We have devised a system which divides the whole childhood population into six segments: healthy child; vulnerable child with social needs; child with single long-term condition; child with complex health needs; acutely mild-to-moderately unwell child and acutely severely unwell child. For each of these segments, we can envisage a pathway, or more accurately, a team around the child, delivering right care, right place, first time.
How this approach can be used to support commissioning
It makes sense to work through each segment and consider how we can provide the best healthcare resources for those children.
Our segmentation approach starts with healthy children, and suggests that if we want them to stay healthy, we should devote some attention to that. For example, by taking measures to prevent rising obesity.
For many children, social issues are driving their health needs. A child living in temporary bed and breakfast accommodation with limited floor space isn’t going to get the same opportunities to crawl, walk and develop as other children.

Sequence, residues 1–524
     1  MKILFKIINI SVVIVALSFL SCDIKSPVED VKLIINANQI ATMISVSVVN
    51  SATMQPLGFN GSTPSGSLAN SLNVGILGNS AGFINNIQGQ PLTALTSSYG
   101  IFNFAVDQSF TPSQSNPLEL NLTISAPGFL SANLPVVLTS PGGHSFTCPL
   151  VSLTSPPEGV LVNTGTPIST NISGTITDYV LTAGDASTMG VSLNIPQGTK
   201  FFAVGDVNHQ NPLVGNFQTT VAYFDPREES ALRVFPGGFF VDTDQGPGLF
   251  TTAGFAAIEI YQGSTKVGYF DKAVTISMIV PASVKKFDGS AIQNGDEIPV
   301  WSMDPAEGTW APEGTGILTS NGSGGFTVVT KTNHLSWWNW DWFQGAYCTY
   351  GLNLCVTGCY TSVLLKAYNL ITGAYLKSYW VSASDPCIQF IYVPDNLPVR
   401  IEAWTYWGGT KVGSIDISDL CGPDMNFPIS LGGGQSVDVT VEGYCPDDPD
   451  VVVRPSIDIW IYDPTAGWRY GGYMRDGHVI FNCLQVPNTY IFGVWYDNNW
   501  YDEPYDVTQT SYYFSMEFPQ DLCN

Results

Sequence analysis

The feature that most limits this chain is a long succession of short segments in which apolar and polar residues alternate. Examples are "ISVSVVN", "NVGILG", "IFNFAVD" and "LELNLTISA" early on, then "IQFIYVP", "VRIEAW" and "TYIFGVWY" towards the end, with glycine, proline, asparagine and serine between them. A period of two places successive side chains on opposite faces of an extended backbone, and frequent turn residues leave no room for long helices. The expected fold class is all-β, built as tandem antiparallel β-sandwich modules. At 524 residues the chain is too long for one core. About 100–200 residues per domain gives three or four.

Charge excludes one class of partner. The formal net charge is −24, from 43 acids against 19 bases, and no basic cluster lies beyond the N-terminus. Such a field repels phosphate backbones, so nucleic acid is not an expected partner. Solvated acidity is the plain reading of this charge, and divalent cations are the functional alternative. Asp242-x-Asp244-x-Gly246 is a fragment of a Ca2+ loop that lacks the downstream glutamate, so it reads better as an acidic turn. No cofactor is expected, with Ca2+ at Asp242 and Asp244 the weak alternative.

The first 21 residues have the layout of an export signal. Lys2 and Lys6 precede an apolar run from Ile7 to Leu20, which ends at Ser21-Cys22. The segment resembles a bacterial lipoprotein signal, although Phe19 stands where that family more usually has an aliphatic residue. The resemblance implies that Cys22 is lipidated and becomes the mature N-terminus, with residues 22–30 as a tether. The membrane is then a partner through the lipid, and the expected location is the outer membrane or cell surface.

Children with long-term conditions need specialist nurses who can go into their school and explain the condition, the treatment and the best way to support that child in the school: immediately the stigma is lifted, and the staff are less fearful.
Children with short-term mild to moderate illnesses should be managed in a community setting, with primary care staff taking the lead, while capacity in the hospital is focused on those children with severe and complex urgent problems.
As commissioning becomes more sophisticated, funding might be allocated to these segments, linked with carefully chosen outcomes and values. If that happens, commissioning will be, at last, well placed to drive up quality of care.
The segmentation tool is gathering interest. The RCPCH has started to re-write its curriculum for paediatricians in training and is using the six segments to define the key topics. This means that the paediatricians of the future will think differently. They will understand better the broader health needs of the population and will be trained to work with the whole network of child health experts. And children won’t need to be on a ‘pathway’ to receive expert healthcare.
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- Last updated
- Author Giuseppe Prima